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56 WEATHER SERVICES FOR THE NATION Expanded IT Infrastructure resolving issues impeding progress of the enterprise as a whole. The NWS has effectively supported this As user needs expand through the proliferation of approach in achieving the enterprise progress of the last web and mobile applications, NWS IT infrastructure decade. The next step is to do more of what has worked will need to keep pace. This infrastructure is somewhat well, perhaps expanding and extending relationships different when serving the public directly as opposed to with the AMS, AWCIA, NCIM, and others. serving them indirectly through the secondary value- chain. In the latter case, though transaction volume Industry-wide Standards may be lower, there may be higher expectations for such things as mature interface standards, services security, The NWS can enable enterprise growth by pro- backward compatibility, reliability, throughput, data moting development of industry standards. Such devel- archive, cloud-based services, and product validation opment will need to proceed through collaboration due to the increased dependence of business revenues with professional organizations. on the NWS. Deeper Formal Public-Private Partnerships Supportive Organizational Structure Going back as far as the 1800s, public-private part- The capability to better support the secondary nerships have been a reliable tool for creating infrastruc- value-chain and the overall enterprise needs to be ture and providing services that reflect the public good included as part of any rethinking of NWS function while requiring efficient implementation. The NWS has and structure, as discussed in Chapter 3. It is expected made limited formal use of such partnerships. NESDIS that any expanded support to the secondary value-chain has explored public-private partnerships in the form will encounter some organizational and cultural push- of data buys, but with generally little follow-through. back in that it will change the traditional approaches The international community routinely employs such to how NWS operates. Among the keys tasks of any partnerships for activities such as those of the NWS. organizational evaluation is to identify and resolve such The NSAB Open Weather and Climate Services proposal organizational and cultural impediments. presents a vision for how deeper public-private part- nerships could enhance the NWS in a variety of areas Extension of the Weather Enterprise (NSAB, 2011). They are in no way a general solution Interaction to Water and Climate to NWS needs; done right and taken seriously, however, they can become an important part of NWS's enterprise The successes of the weather enterprise interaction leveraging. of the last decade provide a solid model for broader interaction across enterprise disciplines, with space Recommendation III.a weather and seasonal and inter-annual forecasts being particular examples for improvement. Expansion of The National Weather Service (NWS) should seek enterprise collaboration in social science research would to better understand the functioning of the secondary also bring benefit to the entire enterprise. Investiga- value-chain, including ways in which it complements tion of the impact of weather, water, and climate on the primary value-chain. When appropriate, it should economic and social systems would help prioritize identify new or evolved NWS data and services that investments through the evaluation of services in an can enhance public value delivered through the sec- economic or risk framework. ondary value-chain, the benefits associated with such services, and any challenges or risks in implementing Enhanced Interaction with Professional Organizations them. To the greatest extent possible, this should be accomplished through collaborative efforts with cor- One successful outcome of the Fair Weather report responding enterprise partners. has been the role of professional organizations in

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LEVERAGE THE ENTIRE ENTERPRISE 57 CHALLENGES AND RISKS rate private sector. Other countries have both a public component and a private component within their The Committee reaffirms the recommendations NHMS. Some private-sector entities offer products of the Fair Weather report regarding the enterprise and services internationally. In the 1970s and 1980s, partnership (NRC, 2003a). Notable among these is the growth of the interactions between the public and an understanding that the enterprise is evolving and private sectors were seen to begin to impair the free that fixed organizational boundaries are less productive and unrestricted international exchange of hydro than are interactive processes (e.g., meetings and com- meteorological and related data and products and led mittees) that identify and evolve relationships among the Twelfth World Meteorological Congress (Cg-XII) enterprise partners as needed. Recommendation 5 of in 1995 to negotiate Resolution 40.6 The Resolution the Fair Weather report, regarding availability of data specified those data and products to be exchanged and products, needs to receive increased focus (NRC, internationally without charge and with no conditions 2003a). The Towards an Open Weather and Climate on use. The Resolution also set guidelines for relations S ervices white paper recently prepared by NSAB among NHMSs regarding commercial activities, and presents an excellent opportunity to further this goal it further proposed guidelines for relations between (NSAB, 2011). NHMSs and the private sector itself. As an aggregation of independent entities, the One result of the Resolution is that some data and enterprise cannot commit to plans or obligations. information falling outside the designated "without Government agencies can be obligated by their char- charge and no conditions on use" category could be ters, with Congress holding them accountable to those exchanged but with restrictions as to how it could charters. Private-sector "responsibilities" or "obliga- be passed on to third parties in other countries, as tions" have no real meaning unless accompanied by per the dictates of the originating country's NHMS. contracts. Yet, despite this, the private sector can be a This could, for example, increase the global coverage reliable partner when private incentives and values align of weather and water observations to an NHMS but with the NWS mission. The U.S. government does not could make such an increase unavailable to private- produce many of the things it relies on, from airplanes sector entities. to paper. It does not need to do so itself, and it does not Another result of the Resolution has been to pro- need an "obligation" from the private sector--because vide guidelines for the expansion of, for example, U.S. the private-sector industries producing those things are weather, water, and climate enterprise companies to sufficiently robust that they can be counted on. In the service the global market. At the same time, it has pro- weather enterprise, the broadcast sector has achieved vided guidelines for those NHMSs that wish to offer such robustness--the NWS does not need its own hydrometeorological services commercially to other backup daily television broadcasts nor do they need to countries. This, then, could provide alternative weather tell television channels what to do. The broadcast sector and water information services in countries to those already does it well and reliably. Other elements of the provided by the NHMS in that country, and it raises enterprise are also beginning to achieve such robust- the fear of government decisions to reduce funding ness. Ground-based weather sensor networks are one support to their NHMS, on the logic that they can and wind forecasting for renewable energy is another. get weather forecasts from international companies for The NWS could achieve increased leverage by encour- less than the cost of the NHMS. The important side aging the emergence of such "robust sub-enterprises." effect is that the capacity of the NHMSs to make and exchange the needed observations is reduced, and a lack INTERNATIONAL PARTNERS of information on which both the NHMSs and the international enterprise base their services could result. The structure and function of the enterprise varies from country to country. Some, like the United States, 6 Resolution 40 (Cg-XII) WMO Policy and Practice for the have a strictly public, not-for-profit National Hydro- Exchange of Meteorological and Related Data and Products, logical Meteorological Services (NHMS) and a sepa- including Guidelines on the Relationships in Commercial Meteorological Activities (WMO, 1995).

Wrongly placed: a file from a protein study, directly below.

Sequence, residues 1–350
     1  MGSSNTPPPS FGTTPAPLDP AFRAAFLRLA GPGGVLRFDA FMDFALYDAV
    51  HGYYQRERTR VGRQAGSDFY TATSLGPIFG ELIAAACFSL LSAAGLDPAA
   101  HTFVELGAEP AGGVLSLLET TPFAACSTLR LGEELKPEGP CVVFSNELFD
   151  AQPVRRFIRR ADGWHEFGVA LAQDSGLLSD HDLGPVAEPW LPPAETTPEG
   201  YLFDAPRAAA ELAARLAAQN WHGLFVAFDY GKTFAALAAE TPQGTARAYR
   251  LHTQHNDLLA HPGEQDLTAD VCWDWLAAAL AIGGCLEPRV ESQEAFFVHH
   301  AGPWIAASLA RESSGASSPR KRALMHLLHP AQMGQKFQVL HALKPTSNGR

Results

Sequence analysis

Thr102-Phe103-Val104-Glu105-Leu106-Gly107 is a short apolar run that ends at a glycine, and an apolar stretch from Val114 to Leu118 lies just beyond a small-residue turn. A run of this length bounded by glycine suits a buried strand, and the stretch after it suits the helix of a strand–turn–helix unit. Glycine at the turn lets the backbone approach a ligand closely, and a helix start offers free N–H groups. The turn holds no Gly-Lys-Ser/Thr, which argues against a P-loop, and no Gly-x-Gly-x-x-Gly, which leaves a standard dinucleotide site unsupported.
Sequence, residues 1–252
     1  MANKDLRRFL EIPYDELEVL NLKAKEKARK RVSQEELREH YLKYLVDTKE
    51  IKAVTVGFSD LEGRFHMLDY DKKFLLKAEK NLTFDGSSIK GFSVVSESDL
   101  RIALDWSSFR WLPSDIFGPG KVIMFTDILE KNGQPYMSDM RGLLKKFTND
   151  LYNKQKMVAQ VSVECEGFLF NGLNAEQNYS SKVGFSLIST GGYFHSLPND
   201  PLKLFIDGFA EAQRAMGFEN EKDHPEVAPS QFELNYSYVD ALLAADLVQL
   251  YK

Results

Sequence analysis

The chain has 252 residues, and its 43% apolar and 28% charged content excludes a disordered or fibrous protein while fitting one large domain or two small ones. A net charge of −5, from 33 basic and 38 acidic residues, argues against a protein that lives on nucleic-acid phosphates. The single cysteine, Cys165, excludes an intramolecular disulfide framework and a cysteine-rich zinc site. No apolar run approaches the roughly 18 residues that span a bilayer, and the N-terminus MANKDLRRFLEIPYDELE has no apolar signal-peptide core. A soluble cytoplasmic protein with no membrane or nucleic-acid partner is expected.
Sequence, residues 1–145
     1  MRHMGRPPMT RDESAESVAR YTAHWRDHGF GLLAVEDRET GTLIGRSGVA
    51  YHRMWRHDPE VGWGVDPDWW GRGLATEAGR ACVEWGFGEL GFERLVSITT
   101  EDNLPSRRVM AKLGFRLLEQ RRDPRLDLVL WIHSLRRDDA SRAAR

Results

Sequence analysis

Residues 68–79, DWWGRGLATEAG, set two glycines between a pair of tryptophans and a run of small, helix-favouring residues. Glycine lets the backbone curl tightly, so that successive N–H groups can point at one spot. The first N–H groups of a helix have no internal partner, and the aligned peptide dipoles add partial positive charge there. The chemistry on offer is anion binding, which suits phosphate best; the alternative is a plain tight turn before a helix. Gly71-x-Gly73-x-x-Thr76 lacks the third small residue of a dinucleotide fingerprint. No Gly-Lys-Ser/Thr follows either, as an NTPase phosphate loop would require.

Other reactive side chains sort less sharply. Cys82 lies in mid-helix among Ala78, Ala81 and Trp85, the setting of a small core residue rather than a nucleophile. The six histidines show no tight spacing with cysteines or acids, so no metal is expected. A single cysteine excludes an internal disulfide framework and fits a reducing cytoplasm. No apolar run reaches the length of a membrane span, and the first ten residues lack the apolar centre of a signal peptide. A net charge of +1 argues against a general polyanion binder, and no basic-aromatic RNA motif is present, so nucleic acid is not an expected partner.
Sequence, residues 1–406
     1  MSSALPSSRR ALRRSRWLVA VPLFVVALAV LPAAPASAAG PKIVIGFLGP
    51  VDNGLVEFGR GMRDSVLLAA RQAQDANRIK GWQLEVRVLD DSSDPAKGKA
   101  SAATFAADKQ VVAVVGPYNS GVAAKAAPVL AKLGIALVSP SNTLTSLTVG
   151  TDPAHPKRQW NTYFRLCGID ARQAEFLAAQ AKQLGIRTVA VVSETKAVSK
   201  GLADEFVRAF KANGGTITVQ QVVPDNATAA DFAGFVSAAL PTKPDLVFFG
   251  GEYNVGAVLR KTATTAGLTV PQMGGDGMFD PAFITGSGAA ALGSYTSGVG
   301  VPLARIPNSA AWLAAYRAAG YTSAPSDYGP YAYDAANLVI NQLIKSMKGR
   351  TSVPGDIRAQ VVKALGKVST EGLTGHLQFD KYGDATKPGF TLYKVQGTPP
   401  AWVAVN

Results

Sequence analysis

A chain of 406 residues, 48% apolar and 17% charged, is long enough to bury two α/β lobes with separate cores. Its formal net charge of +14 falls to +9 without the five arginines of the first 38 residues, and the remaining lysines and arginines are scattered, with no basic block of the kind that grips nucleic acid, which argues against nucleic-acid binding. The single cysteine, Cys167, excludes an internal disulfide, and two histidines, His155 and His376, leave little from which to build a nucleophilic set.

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58 WEATHER SERVICES FOR THE NATION The Committee is not aware of any international trades (cost, risk, schedule, data requirements), or seg- assessment of the impact or effect of WMO Resolu- ment trades (location and number of ground stations, tion 40 (Cg-XII) on the global exchange of hydro cost, risk, schedule). Early stage studies are often only meteorological data and products or on the provision partly funded by government contracts. The competing of hydrometeorological services. This is an area where private-sector entities frequently fund studies and early private-sector interests could fail to align with NWS R&D largely with their own internal funds. responsibilities to international partners. The Com- In line with NOAA's Partnership Policy to "foster mittee feels the tradition of "free and unrestricted" the growth of this complex and diverse enterprise as international exchange of hydrometeorological data a whole to serve the public interest and the Nation's and information is crucial to the provision of the best economy" (NOAA, 2007), the Committee believes the possible weather, water, and climate services. nation needs a strong private sector capable of develop- ing core infrastructure. The existing NOAA procure- ACQUISITION PARTNERS ment process should be reviewed, well-functioning aspects retained, and any poorly functioning aspects When thinking about the role of the private sector improved. Per Lesson 2 presented in the Commit- in the context of the broader weather, water, and cli- tee's first report, aspects subject to improvement may mate enterprise, the focus tends to be on the provision include strengthening NOAA's system architecture of value-added services rather than infrastructure pro- and system engineering processes (NRC, 2012a). It is viders. These two private-sector roles are distinct, and also important that NOAA improve contract manage- each has their own issues. The diversity of the private ment practices where needed. Maintaining a healthy sector is reflected in a broad spectrum of commercial and vibrant private sector that competes to design and interests. These range from designing and building build traditional key infrastructure components helps weather, water, and climate data acquisition systems to provide a best value approach for the nation. Not and data processing systems via direct contract to a only do competing entities frequently develop and test government program office to developing value-added some of the more innovative design ideas on their own products and services based on NWS data and directly internal, nongovernment funds; competition typically selling these to a third-party consumer. leads to important technical innovation too. NOAA has well-established contract procurement processes for weather, water, and climate data acquisi- Recommendation III.b tion and processing systems and subsystems. These systems form the core of NOAA's observation network The National Oceanic and Atmospheric Admin- and include elements such as satellite platforms, launch istration (NOAA) as a whole should strengthen its vehicles, sensors (space, air, and ground-based), com- systems engineering and procurement processes mand and control systems, and data processing and for major systems, including ground-based sensor, distribution systems. The procurement processes for gauge, and radar networks, satellites and ground pro- elements of this core infrastructure include architec- cessing, and major communications and processing ture studies at the system level (e.g., trades comparing systems so as to achieve more productive and cost- many smaller satellites versus fewer larger satellites effective interactions with the enterprise partners based on cost, risk, schedule; data product requirements developing and building such systems. such as spatial and temporal resolution), sensor design